Meet the Coaches: Jay Harbaugh, Running Backs Coach
This is the first in an eleven-part pre-season series in which I introduce all eleven members of the Michigan football coaching staff between now and the season opener, starting with the lowest-profile and building up to head coach Jim Harbaugh.
Yes, he is Jim Harbaugh’s son. And yes, his previous job was working under his uncle John Harbaugh for the Baltimore Ravens. But cry nepotism all you want – Jay has earned his role on the Michigan coaching staff.
After realizing in high school that he didn’t possess the skill set to play collegiately, he turned his eye toward following in the family footsteps as a coach.
“Luckily, I was both undersized and slow. It was really a coveted combination,” Harbaugh said in a 2013 interview with the San Diego Union Tribune. … “I said, ‘I want to coach anyway.’ “
He began his coaching career in college as an undergraduate assistant under then-Oregon State coach Mike Riley.
“Jay has forged his own way in this business to be a very good young coach,” Riley said in a 2014 interview with The Mercury News. “Jay is a grinder. He’s like Jim to a T.”
However, it was not until Michigan that Jay joined up with his father. In 2014, he turned down an opportunity to work under Jim with the 49ers, opting to stay with the Ravens as an offensive quality control assistant, preparing scouting reports and statistical analysis for the team.
The next offseason, he followed his dad to Ann Arbor. He spent his first two years with the Wolverines working as tight ends coach, helping transform Jake Butt into an all-American at the position after averaging just 20.5 receptions and 223 yard per season before Harbaugh’s arrival.
Last year, Harbaugh shifted to become Michigan’s running backs coach after Tyrone Wheatley departed for the Jacksonville Jaguars. While the team’s rushing total decreased by 35.6 yards per game, its rushing yards increased as a percentage of total offense despite a lower run-to-pass ratio after the graduation of 2016 starter De’Veon Smith.
After two seasons of reigning over tight ends, Harbaugh’s specialty lies in pass-protection but both rising senior Karan Higdon and the graduated Ty Isaac flourished on the ground last season. The duo each saw their yardage and yards per carry increase in 2017, though rising junior Chris Evans dropped from 7.0 to 5.1 yards per carry with a larger workload.
Running back is the rare position without many questions for the Wolverines. Following Isaac’s graduation, Michigan’s backfield is shaping up to be a two-man show, with Higdon leading the way and Evans playing a significant role as the number-two back.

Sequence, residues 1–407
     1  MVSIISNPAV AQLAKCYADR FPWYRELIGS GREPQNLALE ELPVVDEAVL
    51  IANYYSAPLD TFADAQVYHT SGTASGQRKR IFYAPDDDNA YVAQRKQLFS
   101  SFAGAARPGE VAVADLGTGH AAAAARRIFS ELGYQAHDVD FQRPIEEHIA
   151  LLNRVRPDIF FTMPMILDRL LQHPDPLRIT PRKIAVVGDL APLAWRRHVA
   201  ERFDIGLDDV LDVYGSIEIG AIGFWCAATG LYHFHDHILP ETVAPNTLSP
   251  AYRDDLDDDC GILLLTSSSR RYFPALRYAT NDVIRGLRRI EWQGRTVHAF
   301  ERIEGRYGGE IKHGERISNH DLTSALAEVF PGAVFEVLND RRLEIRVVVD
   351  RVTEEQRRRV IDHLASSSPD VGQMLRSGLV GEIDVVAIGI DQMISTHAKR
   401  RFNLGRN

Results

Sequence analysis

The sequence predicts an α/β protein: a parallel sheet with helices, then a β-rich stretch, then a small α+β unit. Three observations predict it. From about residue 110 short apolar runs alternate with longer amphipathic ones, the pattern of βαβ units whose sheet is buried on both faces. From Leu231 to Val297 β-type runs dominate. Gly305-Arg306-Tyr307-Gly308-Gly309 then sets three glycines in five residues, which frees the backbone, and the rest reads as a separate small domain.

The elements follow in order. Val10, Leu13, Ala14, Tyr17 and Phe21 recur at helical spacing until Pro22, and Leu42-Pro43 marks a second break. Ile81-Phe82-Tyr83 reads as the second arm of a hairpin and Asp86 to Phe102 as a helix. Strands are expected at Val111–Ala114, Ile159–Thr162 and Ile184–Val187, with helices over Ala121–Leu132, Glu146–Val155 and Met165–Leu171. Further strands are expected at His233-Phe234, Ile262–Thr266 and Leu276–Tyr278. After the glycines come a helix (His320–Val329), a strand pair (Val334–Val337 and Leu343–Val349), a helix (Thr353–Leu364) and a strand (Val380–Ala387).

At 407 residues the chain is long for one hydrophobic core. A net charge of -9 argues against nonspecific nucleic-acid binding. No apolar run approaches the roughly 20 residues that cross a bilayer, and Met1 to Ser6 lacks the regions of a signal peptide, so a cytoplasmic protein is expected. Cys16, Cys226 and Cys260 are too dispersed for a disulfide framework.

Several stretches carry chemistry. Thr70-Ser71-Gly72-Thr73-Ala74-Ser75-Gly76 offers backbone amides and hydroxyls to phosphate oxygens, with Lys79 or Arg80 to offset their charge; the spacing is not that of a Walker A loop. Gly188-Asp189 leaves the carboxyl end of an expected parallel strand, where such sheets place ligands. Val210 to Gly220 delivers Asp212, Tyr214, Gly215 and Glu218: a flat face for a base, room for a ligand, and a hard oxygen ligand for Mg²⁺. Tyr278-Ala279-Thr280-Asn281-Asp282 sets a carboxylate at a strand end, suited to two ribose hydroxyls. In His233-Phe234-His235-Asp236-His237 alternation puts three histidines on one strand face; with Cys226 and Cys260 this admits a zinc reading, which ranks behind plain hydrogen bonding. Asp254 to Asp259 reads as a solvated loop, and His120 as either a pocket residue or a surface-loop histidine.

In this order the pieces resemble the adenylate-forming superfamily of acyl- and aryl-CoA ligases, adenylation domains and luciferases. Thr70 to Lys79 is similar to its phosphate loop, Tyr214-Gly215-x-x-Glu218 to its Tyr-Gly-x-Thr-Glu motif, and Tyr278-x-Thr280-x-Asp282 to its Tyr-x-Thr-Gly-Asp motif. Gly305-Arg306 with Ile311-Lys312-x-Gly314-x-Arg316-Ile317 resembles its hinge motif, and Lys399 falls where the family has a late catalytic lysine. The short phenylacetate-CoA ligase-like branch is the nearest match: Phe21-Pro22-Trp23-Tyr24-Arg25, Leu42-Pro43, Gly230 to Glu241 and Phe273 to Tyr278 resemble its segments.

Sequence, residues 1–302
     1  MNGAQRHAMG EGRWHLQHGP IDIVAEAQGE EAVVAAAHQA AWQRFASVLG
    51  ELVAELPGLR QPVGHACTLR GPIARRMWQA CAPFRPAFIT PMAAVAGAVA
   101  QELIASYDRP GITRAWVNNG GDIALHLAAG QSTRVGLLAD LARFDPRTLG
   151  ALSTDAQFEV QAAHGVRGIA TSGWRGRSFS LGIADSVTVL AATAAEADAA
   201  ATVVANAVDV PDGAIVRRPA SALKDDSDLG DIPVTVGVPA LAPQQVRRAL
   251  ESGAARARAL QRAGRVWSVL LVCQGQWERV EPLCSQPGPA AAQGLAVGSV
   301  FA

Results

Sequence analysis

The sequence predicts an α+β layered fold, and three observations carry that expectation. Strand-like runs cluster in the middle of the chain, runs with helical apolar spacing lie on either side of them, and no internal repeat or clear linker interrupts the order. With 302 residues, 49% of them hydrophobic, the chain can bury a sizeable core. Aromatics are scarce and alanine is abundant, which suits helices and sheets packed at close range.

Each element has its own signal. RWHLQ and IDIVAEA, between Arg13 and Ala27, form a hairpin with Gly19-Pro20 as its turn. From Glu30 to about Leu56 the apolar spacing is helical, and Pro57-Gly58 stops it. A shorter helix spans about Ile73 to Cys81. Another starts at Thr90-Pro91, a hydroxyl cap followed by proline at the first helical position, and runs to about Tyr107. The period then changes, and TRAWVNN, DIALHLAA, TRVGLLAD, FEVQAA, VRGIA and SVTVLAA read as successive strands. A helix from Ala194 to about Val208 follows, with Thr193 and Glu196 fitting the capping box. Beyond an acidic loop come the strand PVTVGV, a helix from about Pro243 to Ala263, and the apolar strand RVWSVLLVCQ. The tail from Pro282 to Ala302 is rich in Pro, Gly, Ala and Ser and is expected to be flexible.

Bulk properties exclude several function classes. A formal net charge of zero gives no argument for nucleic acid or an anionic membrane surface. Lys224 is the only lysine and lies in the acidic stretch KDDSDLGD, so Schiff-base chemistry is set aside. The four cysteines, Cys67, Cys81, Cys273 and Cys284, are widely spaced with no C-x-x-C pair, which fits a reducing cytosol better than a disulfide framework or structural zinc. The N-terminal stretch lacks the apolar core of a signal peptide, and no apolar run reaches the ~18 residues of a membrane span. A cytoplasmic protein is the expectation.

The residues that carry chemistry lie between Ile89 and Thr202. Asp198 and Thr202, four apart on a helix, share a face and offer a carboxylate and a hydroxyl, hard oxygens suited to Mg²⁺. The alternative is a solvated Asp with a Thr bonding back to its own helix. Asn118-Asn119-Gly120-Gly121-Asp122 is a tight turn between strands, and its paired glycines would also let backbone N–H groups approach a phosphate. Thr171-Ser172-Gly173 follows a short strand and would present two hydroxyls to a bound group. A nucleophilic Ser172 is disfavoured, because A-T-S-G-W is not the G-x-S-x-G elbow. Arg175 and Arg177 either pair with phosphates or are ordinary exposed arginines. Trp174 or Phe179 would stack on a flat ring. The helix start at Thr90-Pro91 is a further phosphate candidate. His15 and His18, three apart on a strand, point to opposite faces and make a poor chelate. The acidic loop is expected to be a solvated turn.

Higdon took over as the lead back midway through 2017, finishing sixth in the Big Ten in rushing yards and third among backs who will return in 2018. Barring injury, both he and Evans will be critical parts of the Wolverines’ ground attack.
But in his dad’s run-heavy offense, Harbaugh knows that Michigan needs more than two producers at running back.
“Playing three backs at a lot of places doesn’t seem like it’s a prudent thing to do,” Harbaugh said. “But if you’re gonna run the ball 35 to 40 times, it’s very reasonable. So there are a lot of roles to be earned.”
“O’Maury, Kareem, and Kurt, as well as the remainder of the guys, you (have to) prove day in and day out that you’re a reliable guy and you can help us win in some particular role – or hopefully more than one.”
Another key storyline surrounding Harbaugh will be his ability to improve the running backs in pass protection. This was an area in which he was supposed to make a positive impact with his experience coaching tight ends. Instead, the running back group only contributed to the Wolverines’ pass-blocking woes a year ago.
“(Pass protection) is something that we’ll keep grinding on,” Harbaugh said.
“Sometimes, you really gotta stick your face in there and take pride in letting the quarterback follow through on a throw and feel totally at ease.”
What they’re saying
Mike Riley, on Harbaugh’s time as an Oregon State undergraduate assistant: “Just about anything you gave Jay you didn’t have to worry about it. He started out with our special teams coach and they did a great job of working that recruiting area this coach had, then he helped him with stuff on the field. Then he became our signaler.”
Jim Harbaugh, on what Jay can teach him: “There’s a difference between being 24 and 50 in the way you see the world. He’s most helpful to me. He’s young, academic and his perspective enlightens me. One time, I asked, ‘Do guys give you a hard time about working for your uncle (John), automatically look at that as the reason you got the job?’ His response was: ‘It’s my responsibility to not give them the opportunity to confirm that suspicion.’ I thought that was really profound.”
Ty Isaac, on Harbaugh’s first game as running backs coach last fall: “He got the conversation going. He was interactive with us. He asked what plays we were seeing, what worked and what didn’t, and I think we worked really well together.”
Karan Higdon, on working with Harbaugh: “Because Coach Jay’s never played the position, sometimes we see things he may not see and sometimes it’s vice versa. Which is really good because we’re able to converse about it and try to get each other to see and get to a mutual understanding. And it’s been great because it’s enabled us to reach our full potential as a runner.”
Chris Evans, on the transition from Wheatley to Harbaugh: “It’s like a running backs coach never even left,” Evans said. “He jumped right in and got on board with everything that we were doing.”